Also, gravitational tides from the orbiting planet caused its star to stretch slightly into a football shape, causing it to appear brighter when its wider side faces us. The planet itself also reflects a small amount of starlight. The planet is tidally locked to its star, always showing the same face to it. As a result, Kepler-76b broils at a temperature of about 3,600 degrees Fahrenheit. 

The researchers used data from NASA's Kepler spacecraft, which provided the very detailed observations.


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The Moon - Geography and Tourism

We at +Yes! Knowledge  are back after a rather long gap, with, as promised, our article- The Moon - Geography and Tourism


The most remarkable feature of the moon that can distinctly be seen with the naked eye are the dark Maria or ‘spots’. The most remarkable thing about these Maria is that all but one of them lie on the same side of the moon (the one facing the Earth)! Crater, too, are present on the moon. The moon was probably heavily bombarded by meteorites for a long period of time with led to the creation of these craters and the Maria. But along with carters formed by meteorites, there are also possible volcanic craters. An example of such a crater is Astarchus. Gases have been found to have emerged from it occasionally and it also has a clear peak. The geography of the moon is quite dull in a way, but in detail, it is really very interesting. In fact, poles of the moon have also yielded signs of water !

The moon was visited a large number of time by humans and machines between 1960 and 1975. The first organization to visit the moon was the Soviet Union, with its series of Lunik satellites, in 1959. In 1959 Lunik-2 crashed into the moon. And Lunik-3 orbited it. It was only in 1966 that Lunik-9 made a soft landing on the moon. NASA’s first aircrafts to visit the moon were the Rangers, in 1964 and 1965, crashing into it. Ranger 7 and 9 sent images of never-before seen areas of the moon, 1200 time better than could be seen with the best Earth telescope then. From 1966 to 1967, NASA launched Lunar Orbiters, which orbited the moon and took images from close, studying its surface. The first NASA crafts to land on the moon were the Surveyor series crafts, attaining a soft landing on the moon. Surveyor 5 even made advanced tests of the lunar surface. This helped us conclude the chemical nature of the moon’s surface, deducing it to be like basalt. During the 1970s, the Soviet Union continued sending its soft-landing probe vehicles to the moon, also sending two-wheeled Lunakhods 1 and 2, which were moved on the lunar surface by remote controls on the Earth.

In 1961, the Apollo mission was inaugurated, aiming to send man on the moon. In 1968, a series of Apollo missions sent astronauts to the moon, and in July 1969, Neil Armstrong and Edwin Aldrin became the first humans to step on the moon. The brought home samples of the  lunar surface and also took photographs before returning. Apollo- 17 was the last manned mission to the moon.


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The Moon (In A Nutshell)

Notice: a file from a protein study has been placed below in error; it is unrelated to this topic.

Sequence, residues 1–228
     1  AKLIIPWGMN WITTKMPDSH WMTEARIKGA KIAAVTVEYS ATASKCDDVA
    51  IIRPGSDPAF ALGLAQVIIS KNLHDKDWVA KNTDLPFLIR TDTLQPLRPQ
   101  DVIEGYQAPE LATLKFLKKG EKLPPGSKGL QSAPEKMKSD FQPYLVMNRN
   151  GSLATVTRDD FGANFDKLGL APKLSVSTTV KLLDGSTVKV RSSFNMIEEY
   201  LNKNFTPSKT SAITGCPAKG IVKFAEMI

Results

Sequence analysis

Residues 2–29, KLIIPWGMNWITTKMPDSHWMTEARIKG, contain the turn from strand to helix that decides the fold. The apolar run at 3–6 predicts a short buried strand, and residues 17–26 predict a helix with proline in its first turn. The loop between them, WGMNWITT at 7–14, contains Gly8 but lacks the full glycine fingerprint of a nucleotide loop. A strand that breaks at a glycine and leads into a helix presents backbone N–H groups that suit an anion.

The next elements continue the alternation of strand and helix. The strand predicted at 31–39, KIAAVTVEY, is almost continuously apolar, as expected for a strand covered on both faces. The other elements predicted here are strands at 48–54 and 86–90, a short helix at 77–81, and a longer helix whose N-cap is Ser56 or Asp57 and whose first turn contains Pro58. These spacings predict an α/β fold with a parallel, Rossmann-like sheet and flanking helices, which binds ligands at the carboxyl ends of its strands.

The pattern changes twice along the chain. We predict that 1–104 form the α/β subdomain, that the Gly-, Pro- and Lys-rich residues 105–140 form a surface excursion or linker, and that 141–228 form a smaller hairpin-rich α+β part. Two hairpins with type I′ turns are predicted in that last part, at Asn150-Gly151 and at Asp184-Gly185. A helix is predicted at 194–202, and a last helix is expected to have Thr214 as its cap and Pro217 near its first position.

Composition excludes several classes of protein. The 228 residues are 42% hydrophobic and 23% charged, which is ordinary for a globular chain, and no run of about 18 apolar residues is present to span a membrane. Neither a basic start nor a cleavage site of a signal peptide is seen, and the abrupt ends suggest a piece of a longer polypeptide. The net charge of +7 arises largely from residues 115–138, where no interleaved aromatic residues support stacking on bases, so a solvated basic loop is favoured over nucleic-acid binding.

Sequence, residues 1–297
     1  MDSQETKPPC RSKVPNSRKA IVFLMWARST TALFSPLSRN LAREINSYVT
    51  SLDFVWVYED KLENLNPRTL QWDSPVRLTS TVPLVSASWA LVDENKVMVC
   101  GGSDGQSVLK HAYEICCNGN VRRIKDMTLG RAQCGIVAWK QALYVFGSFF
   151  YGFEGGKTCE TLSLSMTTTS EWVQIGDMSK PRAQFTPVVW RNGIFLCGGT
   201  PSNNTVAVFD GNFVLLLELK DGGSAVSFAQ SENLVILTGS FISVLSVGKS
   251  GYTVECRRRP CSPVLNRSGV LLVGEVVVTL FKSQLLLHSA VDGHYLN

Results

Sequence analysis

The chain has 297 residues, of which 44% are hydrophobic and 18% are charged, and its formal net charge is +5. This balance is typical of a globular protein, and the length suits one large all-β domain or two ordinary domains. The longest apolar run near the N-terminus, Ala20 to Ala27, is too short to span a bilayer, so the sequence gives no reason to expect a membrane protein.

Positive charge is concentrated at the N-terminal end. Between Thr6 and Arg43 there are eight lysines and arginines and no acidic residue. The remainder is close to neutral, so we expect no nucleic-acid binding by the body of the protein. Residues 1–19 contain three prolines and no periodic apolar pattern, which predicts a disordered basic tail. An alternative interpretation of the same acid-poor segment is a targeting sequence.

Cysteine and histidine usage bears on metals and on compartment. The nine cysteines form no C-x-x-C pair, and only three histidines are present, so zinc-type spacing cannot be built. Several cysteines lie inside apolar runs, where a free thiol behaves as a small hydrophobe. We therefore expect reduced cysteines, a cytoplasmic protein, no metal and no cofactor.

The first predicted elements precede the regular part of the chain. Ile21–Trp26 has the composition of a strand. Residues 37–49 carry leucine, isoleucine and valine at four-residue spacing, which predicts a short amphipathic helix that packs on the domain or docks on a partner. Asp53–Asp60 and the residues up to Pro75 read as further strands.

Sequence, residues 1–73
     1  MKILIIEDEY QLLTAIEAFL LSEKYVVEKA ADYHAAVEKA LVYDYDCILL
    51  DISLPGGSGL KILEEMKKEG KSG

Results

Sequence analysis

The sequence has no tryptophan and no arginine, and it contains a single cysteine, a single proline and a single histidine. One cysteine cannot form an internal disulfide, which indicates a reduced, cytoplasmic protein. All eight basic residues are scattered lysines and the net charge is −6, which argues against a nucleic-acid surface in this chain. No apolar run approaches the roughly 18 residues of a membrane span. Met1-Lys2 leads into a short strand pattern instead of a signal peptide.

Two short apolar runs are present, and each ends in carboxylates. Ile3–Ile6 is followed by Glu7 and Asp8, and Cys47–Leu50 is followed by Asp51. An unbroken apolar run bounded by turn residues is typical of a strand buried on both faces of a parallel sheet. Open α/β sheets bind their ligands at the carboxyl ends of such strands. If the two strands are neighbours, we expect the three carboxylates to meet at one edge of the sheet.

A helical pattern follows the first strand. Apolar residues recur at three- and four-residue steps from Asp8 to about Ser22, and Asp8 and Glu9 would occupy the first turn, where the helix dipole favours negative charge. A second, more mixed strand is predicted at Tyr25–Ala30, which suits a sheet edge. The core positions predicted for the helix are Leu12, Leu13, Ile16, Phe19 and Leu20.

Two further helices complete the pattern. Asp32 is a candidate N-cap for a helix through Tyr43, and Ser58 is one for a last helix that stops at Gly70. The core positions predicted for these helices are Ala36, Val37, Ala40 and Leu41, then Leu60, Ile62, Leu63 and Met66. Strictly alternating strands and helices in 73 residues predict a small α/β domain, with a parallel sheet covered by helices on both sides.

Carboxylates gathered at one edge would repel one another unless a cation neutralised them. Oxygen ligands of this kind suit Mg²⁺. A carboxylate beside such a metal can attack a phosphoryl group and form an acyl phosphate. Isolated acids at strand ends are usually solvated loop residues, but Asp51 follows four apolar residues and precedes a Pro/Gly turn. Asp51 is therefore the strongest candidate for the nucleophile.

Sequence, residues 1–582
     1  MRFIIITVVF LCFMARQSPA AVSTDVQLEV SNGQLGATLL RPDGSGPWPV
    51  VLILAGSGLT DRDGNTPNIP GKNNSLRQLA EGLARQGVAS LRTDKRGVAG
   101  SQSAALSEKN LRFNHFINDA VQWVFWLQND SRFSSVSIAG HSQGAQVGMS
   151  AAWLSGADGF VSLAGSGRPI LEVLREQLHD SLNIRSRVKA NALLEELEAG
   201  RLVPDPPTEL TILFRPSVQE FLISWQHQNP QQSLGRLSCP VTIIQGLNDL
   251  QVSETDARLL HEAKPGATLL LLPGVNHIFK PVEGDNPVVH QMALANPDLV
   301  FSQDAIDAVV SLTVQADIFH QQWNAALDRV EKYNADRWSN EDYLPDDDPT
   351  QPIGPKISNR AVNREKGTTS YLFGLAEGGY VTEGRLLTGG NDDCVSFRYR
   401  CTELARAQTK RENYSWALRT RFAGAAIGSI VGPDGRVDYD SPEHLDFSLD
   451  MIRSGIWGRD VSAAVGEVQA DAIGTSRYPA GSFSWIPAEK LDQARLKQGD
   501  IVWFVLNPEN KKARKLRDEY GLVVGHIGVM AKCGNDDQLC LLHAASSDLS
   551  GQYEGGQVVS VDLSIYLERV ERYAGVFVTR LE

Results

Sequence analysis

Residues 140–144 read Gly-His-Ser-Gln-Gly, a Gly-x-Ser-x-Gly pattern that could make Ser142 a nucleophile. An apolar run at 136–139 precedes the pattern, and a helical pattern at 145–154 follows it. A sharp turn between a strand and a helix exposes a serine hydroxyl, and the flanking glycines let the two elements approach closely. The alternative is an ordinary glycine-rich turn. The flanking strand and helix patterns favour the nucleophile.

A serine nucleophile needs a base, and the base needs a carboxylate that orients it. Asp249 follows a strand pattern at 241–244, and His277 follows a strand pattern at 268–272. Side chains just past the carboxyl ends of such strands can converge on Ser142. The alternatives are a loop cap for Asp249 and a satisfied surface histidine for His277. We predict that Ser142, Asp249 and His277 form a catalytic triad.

The Moon is the only natural satellite orbiting the Earth. It orbits the Earth due to the gravitational pull exerted by the Earth on it and in turn, exerts such a pull on the Earth too, thereby causing tides.
Since time immemorial, the moon has been a topic of mystery for all, first due to its regularly changing shape and then due to its very composition. It has been used a calendar by civilizations and viewed as a God by societies. 1609 was the year when the moon first came to be viewed as an object of real scientific interest, when Galileo first viewed it through his telescope. He identified distinct craters and mountains, which he called Maria, the Latin word for sea.
The moon is nearly spherical, with diameter 2,163 miles. The Earth and moon have among the lowest planet to satellite size ratios among the planets of the solar system, with the moons of Pluto the only ones with a lesser ratio. The distance of the Earth from the moon is about 240,000 miles, with it pulling away at 1.5 inches a year. The mass of the moon is about 1/82 that of the Earth, with its volume being 1/49 of it, meaning it is less dense than our planet.
The moon shines with the light reflected from the sun, called albedo. This is only about 7 per cent of the light that actually falls on it. When the moon is directly in line between the sun and the Earth, it is referred to as the new moon. When the sun makes a right angle with the moon, it forms a half moon. When the sun and moon are in a line again, with the Earth between them, it forms a fully illuminated moon, called the full moon. Between the half and full moon, the shape is called a gibbous, while between the half and new, moon, the shape is a crescent. The faded line between the dark and light portions of the moon is called the Terminator.
There is more than one kind of lunar month. The first is a synodic month, the interval from one new moon to another: 29.5 days. The other is a sidereal month, the time taken by the moon to orbit the Earth: 27.3 days.

That Sums Up todays Article. Do Check Out The +Yes! Knowledge Site http://www.YesKnowledge.blogspot.com/ For More Such Knowledge ! Yes! Knowledge Is Now On Twitter @ http://Twitter.com/YesKnowledge 

The Next Article: The Moon- Geography And Tourism
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1922 knowledge VS 2012 knowledge

What do you think we will know 90 years from now?

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Travelling Across Space

Travelling in a jet is a rather fast way to go, but not fast enough for even small cosmic distances. The speed of light is 186,000 mps. Astronomers use light years to describe really large distances in space. A light beam can travel 5.88 Trillion miles in a year! The value of jet speed is taken to be 600 mph, and though it helps travel within countries in a matter of hours, it’s just a bit too slow for space. Here is a comparison based on the time taken to travel to popular ‘nearby’ destinations across space, travelling a light speed and jet speed: